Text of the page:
Hill-farming continues to struggle. The regional income levels for grazing livestock (above) show this quite starkly, when contrasted with other types of farming. It was reported in 2015 that this sector was ‘under severe financial pressure with average profits of less than £20,000 per year, despite receiving average payment of over £47,000 per year from the public sector.’ Yet hill farms remain ‘of fundamental importance to the economy of the area’. (Yorkshire Dales and Moors Farm Innovation Project (2015), p. 1)

At the time of writing (Oct. 2019) the UK’s future relationship with the EU is still far from clear. The National Farmers’ Union has identified numerous difficulties likely to affect all their members in case of withdrawal from the EU (including organic branding not being recognized, additional paperwork required for export of animal products, and packaging and haulage problems). The present uncertainty – including when exactly in the year any new arrangements might hit – causes a particular dilemma for sheep farmers. The NFU predicts that in the event of No Deal, EU tariffs of about 46% would apply to lamb (meat) and live animals, in which case ‘this trade would not be financially viable’. This would mean far more lamb coming to the domestic market than can be consumed, with the effect of depressing the UK farm-gate price of lamb. If withdrawal had happened in March, the NFU estimates the fall would have been about 30%. If in October, when an additional 800,000 lambs are on the market, an even steeper drop in sheep-farmers’ income would be expected. (NFU Briefing)

So while No Deal will be difficult for all farmers, the implications for sheep farmers in Scarborough and Whitby could be especially serious.


The Fisheries Bill is still proceeding through parliament, and Brexit not resolved. Meanwhile, there are concerns about the future of small boats – despite making up most of the British fishing fleet, smaller boats have just 6% of the total quota. Fishing quotas are a particular focus for anger, and many in the fishing industry feel their views are being ignored. There is also doubt that any deal on a 12-mile zone can be enforced.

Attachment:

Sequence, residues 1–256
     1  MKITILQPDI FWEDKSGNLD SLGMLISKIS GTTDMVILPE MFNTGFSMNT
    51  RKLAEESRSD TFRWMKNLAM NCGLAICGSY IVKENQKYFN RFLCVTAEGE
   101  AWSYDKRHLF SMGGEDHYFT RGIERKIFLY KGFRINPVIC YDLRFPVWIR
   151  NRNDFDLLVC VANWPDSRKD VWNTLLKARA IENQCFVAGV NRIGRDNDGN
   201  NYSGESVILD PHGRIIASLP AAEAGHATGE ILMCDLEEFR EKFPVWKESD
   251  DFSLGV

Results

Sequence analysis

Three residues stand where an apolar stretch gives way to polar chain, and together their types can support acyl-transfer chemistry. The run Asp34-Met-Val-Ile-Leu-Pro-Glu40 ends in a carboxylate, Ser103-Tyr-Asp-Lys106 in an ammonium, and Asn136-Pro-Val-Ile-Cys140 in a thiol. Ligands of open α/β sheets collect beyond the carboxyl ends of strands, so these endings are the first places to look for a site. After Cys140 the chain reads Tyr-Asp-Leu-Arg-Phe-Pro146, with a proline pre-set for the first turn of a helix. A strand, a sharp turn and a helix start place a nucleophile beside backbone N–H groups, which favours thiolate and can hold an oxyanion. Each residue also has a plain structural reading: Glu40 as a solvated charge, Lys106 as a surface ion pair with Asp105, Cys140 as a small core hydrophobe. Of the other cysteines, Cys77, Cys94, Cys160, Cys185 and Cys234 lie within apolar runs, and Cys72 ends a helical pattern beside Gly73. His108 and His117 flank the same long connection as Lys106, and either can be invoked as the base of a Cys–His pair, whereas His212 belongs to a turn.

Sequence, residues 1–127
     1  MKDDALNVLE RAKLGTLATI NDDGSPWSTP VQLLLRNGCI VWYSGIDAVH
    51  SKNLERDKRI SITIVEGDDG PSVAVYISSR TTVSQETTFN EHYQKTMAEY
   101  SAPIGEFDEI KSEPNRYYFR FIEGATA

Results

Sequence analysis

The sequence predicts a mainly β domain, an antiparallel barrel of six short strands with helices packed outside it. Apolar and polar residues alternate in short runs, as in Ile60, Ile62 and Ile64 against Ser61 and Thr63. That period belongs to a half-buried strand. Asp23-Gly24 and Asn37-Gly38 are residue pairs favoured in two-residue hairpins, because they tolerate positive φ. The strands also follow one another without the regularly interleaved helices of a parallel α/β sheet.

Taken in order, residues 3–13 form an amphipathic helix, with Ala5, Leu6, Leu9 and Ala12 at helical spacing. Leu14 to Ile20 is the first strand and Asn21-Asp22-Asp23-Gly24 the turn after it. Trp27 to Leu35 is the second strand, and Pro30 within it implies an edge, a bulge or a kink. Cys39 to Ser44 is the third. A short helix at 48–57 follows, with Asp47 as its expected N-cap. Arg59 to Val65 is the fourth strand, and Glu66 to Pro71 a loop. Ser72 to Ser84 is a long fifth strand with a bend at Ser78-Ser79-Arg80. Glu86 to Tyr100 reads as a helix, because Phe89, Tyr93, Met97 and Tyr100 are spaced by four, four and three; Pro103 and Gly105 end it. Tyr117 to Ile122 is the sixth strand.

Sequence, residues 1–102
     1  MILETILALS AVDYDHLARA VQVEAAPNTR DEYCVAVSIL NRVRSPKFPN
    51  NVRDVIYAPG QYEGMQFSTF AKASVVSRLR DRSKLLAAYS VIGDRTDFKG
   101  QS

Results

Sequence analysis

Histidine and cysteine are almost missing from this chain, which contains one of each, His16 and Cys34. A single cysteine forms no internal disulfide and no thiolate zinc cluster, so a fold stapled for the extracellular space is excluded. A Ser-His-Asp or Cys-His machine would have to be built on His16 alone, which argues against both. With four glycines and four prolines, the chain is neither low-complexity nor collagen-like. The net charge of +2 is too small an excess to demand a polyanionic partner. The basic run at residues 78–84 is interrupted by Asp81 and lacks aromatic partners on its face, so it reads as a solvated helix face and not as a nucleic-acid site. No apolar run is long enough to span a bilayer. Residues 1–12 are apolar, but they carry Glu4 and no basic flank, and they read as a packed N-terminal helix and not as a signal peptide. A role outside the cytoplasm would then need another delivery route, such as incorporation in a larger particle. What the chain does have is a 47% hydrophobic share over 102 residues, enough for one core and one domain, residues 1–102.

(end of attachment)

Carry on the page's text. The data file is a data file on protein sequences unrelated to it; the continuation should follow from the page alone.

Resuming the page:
Labour’s shadow environment and fisheries ministers carried out a wide-ranging consultation from 2017, including meeting the National Federation of Fishermen’s Organisations.

Luke Pollard, shadow fisheries minister, set out Labour’s position in brief:

  • By ignoring the needs of smaller fishing fleets, this Government is betraying British fishing.
  • The Government could act to redistribute fishing quota now, but are failing by not delivering quota re-allocation in the Fisheries Bill.
  • Labour is setting out our vision for Britain to have the most sustainable fisheries in the world. That means a greater focus on ensuring fish stocks are healthy, that there is proper enforcement and a fairer distribution of fishing quota.
  • Labour will ensure that fishing quota is not monopolised by the few. Fishing reform could usher in a huge regeneration of coastal towns but not unless ministers drastically improve the Fisheries Bill.